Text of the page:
Fraternity houses at the College of Charleston. Photo: Jeffrey Greenberg/Universal Images Group via Getty Images
Fraternity houses have never been known for their cleanliness, but they're now emerging as hotbeds for coronavirus outbreaks, the Washington Post reports.
Why it matters: This is yet another problem for college and university officials to solve as they try to bring students back for the fall semester.
Between the lines: Frat houses are used for both hosting parties and housing students, meaning the virus could spread the same way it would in a bar or as it would through any other type of communal housing.
Driving the news: The University of California at Berkeley told students last week that the number of coronavirus cases on campus had more than doubled in just a week. The majority of cases trace back to fraternity or sorority social gatherings.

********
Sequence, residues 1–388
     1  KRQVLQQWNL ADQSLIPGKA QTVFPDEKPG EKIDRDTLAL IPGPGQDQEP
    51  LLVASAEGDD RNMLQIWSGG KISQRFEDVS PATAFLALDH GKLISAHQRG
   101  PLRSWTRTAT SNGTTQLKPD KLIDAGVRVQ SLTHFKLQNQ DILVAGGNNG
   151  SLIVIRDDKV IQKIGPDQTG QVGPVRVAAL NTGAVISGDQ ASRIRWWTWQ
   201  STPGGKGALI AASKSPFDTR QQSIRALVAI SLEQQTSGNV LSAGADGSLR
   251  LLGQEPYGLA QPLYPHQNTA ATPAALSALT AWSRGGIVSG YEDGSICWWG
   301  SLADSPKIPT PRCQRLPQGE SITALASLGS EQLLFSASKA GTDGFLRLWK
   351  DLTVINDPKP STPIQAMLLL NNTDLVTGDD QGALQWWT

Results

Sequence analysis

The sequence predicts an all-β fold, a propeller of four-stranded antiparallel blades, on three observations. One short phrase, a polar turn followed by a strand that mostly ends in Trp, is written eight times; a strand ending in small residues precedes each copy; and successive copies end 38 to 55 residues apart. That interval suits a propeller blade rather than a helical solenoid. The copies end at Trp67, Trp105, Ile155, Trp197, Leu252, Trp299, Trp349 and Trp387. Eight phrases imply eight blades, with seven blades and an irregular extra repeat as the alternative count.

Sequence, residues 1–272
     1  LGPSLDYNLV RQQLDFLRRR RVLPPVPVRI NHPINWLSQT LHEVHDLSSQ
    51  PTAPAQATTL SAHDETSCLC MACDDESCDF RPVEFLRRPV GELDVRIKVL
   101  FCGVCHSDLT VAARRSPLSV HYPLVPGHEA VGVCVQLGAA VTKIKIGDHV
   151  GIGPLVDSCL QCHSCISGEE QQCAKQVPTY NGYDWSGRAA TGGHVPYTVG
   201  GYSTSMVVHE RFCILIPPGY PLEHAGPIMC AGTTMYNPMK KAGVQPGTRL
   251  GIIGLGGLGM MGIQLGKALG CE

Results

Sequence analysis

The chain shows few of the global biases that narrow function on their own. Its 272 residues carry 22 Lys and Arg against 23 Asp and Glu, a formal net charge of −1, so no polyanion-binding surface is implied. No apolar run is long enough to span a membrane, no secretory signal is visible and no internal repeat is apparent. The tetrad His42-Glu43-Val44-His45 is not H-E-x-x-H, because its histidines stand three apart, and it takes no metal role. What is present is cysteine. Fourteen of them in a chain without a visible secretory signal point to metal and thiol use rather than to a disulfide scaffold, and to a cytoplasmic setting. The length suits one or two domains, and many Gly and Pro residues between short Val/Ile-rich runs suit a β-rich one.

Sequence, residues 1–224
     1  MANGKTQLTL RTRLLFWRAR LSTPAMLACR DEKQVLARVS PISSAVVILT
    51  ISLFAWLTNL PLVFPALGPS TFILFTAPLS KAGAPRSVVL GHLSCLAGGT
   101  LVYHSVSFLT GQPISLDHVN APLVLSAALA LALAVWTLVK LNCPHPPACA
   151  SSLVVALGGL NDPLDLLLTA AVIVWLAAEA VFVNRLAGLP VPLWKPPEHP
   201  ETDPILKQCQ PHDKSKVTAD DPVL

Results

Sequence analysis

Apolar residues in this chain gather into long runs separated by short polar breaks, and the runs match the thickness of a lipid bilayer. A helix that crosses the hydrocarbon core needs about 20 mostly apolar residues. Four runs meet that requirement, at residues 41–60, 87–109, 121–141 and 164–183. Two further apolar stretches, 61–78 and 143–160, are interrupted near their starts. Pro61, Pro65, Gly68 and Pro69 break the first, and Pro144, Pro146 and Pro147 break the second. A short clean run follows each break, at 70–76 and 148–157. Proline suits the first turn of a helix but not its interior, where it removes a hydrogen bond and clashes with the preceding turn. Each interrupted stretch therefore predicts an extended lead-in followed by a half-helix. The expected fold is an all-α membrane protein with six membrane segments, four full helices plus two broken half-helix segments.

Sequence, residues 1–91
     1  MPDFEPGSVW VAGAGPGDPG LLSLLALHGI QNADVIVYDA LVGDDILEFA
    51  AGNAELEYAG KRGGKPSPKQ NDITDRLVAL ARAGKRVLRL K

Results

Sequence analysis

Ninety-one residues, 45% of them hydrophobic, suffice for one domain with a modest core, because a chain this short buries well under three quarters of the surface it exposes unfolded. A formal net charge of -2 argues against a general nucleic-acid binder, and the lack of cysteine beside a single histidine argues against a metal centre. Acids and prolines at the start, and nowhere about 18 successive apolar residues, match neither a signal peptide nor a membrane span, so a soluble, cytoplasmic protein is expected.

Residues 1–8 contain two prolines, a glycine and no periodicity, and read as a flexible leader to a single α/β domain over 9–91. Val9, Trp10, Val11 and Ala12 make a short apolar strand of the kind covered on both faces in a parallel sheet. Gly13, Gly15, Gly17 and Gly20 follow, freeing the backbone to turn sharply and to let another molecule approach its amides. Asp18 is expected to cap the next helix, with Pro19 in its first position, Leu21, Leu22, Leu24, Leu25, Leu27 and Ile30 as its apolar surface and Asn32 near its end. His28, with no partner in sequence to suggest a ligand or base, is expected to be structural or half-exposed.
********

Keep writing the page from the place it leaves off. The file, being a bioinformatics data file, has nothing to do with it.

- Outbreaks at the University of Washington and the University of Mississippi have also been traced to fraternity housing or activities.
The bottom line: "If they are crowded indoors, and they're in close quarters for a long period of time, it's just a recipe for getting infected," Thomas Russo, an infectious disease professor at the University at Buffalo, told WashPost.
- "And the setting almost guarantees if multiple individuals get infected, you suddenly have scenarios where they can spread it to 10, 20, 30 or 40 other individuals."
Go deeper: Colleges gamble on reopening this fall